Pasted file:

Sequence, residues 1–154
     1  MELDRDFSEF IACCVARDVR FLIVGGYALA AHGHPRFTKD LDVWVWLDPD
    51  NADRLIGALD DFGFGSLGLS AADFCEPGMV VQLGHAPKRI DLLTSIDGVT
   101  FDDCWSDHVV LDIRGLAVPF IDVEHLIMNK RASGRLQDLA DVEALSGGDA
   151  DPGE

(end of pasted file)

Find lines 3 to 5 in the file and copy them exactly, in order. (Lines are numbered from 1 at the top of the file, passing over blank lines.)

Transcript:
    51  NADRLIGALD DFGFGSLGLS AADFCEPGMV VQLGHAPKRI DLLTSIDGVT
   101  FDDCWSDHVV LDIRGLAVPF IDVEHLIMNK RASGRLQDLA DVEALSGGDA
   151  DPGE